Control valve assembly 100 is coupled in flow communication between propelling engine 11 and auxiliary power engine 12 such that airflow 54 channeled to power engine 12 is routed through valve assembly 100. In the exemplary embodiment, a back-flow control device 106 is coupled between propelling engine 11 and low pressure source control valve 102 to facilitate preventing back flow from control valve assembly 100 towards propelling engine 11. In the exemplary embodiment, control device 106 is, but is not limited to being, a check valve assembly. Moreover, in the exemplary embodiment, control valve assembly 100 is coupled in flow communication with propelling engine 11 such that intercooler 60 is coupled in flow communication between propelling engine 11 and control valve 104.

As described above, control valve assembly 100 is operatively coupled to control system 62 such that valve assembly 100, and more specifically, valves 102 and/or 104, are selectively operable to control airflow 54 channeled to auxiliary power engine 12. Moreover, as described in more detail below, during engine operation control system 62 facilitates controlling the extraction location of airflow 54, and thus facilitates controlling the pressure, density, and airflow 54 channeled to auxiliary power engine 12. As such, control valve assembly 100 can be selectively adjusted to facilitate optimizing supply pressure, temperature, and density of airflow 54, thus facilitating minimizing performance penalties associated with engine 12 and maximizing power output 49.

For example, during operation at low altitudes, control system 62 is operable to ensure that auxiliary power engine 12 receives airflow 54 from a low-pressure extraction source, such as, but not limited to fan discharge 31, such that airflow 54 flows through check valve 106 and low pressure control valve 102 prior to being introduced to engine 12. During operation at high altitudes, control valve assembly 100 is adjusted to ensure that auxiliary power engine 12 receives airflow 54 from a high-pressure extraction source, such as, but not limited to compressor discharge 35, such that airflow 54 flows through intercooler 60 and high pressure control valve 104 prior to being introduced to engine 12. During operation at intermediate altitudes, auxiliary power engine 12 receives airflow 54 at an intermediate pressure such that airflow is blended from high- and low-pressure extraction sources through valves 102 and 104.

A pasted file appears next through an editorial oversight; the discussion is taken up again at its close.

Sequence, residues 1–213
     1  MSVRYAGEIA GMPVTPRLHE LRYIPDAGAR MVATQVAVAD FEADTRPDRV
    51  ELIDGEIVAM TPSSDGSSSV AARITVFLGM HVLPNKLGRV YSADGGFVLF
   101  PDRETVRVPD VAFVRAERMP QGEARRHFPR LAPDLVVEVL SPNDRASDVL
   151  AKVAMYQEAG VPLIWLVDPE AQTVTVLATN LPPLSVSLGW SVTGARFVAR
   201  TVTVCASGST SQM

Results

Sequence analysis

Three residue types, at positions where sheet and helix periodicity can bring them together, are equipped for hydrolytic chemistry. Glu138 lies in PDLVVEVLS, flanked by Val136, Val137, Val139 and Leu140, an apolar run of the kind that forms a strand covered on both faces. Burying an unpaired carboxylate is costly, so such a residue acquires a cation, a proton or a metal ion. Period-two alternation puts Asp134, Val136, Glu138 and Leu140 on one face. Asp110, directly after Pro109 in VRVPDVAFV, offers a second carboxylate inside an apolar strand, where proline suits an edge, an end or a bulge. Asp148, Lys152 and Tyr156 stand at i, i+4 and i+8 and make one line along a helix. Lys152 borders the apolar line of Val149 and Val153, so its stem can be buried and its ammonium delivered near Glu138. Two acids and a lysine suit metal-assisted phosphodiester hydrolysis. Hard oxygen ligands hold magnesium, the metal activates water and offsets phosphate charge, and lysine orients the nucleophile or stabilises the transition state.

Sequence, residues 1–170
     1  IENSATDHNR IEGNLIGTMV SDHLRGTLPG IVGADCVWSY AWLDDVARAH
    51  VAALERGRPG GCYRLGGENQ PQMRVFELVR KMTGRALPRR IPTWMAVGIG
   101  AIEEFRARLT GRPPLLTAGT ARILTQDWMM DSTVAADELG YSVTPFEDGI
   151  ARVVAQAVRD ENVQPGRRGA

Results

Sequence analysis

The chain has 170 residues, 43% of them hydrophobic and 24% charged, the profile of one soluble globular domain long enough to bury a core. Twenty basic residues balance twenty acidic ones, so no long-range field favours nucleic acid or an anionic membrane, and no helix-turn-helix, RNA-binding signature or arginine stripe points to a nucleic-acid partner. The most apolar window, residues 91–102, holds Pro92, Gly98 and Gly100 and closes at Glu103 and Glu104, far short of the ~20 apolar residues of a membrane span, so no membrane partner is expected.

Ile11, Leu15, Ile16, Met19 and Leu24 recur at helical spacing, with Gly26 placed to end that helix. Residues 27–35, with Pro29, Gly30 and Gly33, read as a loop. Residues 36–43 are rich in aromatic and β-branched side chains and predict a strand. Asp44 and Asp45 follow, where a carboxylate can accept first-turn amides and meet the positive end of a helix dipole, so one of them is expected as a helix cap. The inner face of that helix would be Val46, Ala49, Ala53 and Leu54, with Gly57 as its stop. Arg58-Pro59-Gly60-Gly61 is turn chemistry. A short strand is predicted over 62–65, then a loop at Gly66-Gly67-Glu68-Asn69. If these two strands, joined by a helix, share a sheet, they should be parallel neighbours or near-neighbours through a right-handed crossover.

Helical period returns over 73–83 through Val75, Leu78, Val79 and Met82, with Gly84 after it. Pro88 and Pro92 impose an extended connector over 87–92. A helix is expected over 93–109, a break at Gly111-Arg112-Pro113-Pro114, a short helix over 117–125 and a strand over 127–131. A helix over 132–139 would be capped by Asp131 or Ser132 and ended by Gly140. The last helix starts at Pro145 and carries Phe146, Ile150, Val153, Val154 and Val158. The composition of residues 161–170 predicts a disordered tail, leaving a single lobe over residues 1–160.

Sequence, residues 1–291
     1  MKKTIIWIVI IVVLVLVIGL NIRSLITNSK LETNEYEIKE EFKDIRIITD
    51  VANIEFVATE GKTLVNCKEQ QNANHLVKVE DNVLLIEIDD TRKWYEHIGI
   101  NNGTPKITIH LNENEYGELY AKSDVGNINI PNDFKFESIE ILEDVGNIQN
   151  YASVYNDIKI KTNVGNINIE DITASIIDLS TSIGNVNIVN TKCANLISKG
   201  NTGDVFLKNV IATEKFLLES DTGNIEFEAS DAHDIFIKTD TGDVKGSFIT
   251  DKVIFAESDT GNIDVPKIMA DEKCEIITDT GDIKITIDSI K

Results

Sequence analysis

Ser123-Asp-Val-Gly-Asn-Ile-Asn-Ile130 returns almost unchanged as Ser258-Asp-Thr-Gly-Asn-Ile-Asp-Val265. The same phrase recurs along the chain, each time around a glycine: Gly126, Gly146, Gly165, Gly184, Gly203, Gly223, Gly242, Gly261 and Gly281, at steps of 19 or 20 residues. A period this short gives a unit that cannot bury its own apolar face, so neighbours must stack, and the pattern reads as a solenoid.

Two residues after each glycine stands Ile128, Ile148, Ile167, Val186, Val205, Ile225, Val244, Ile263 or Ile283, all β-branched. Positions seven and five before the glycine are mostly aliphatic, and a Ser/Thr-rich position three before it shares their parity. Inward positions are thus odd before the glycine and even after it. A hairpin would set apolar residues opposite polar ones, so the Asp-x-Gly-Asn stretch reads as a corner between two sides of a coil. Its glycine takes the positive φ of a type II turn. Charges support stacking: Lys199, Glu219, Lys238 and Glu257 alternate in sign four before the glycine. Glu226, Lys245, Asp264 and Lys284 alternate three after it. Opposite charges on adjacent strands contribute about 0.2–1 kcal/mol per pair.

Control system 62 facilitates controlling control valve assembly 100 to enable auxiliary power engine 12 to receive a low pressure/low temperature/low density airflow, a high pressure/high temperature/high density airflow, or an intermediate pressure/intermediate temperature/intermediate density airflow, based on several factors and/or engine operating characteristics. In one embodiment, such factors may include, but are not limited to including, auxiliary engine operability, demand for auxiliary engine power, propelling engine operability, and/or propelling engine efficiency.

When it is desired to operate auxiliary power engine 12 with a source of low pressure/low temperature/low density airflow, such airflow 122 may be extracted from a plurality of different extraction points within propelling engine 11. For example, fan 14 is a multi-staged compressor and fan interstage bleed air 124 may be extracted from any fan stage based on pressure, temperature, and flow requirements of auxiliary engine 12. Moreover, such airflow may be extracted from any location downstream from fan 14 as booster discharge air, booster inter-stage bleed air, or core drive fan discharge air. Other alternative extraction sources for such airflow may include, but are not limited to including, fan discharge air 31 or fan inter-stage bleed air 124. Furthermore, in another alternative embodiment, ambient air 30 may be used as a source of low pressure/low temperature/low density airflow.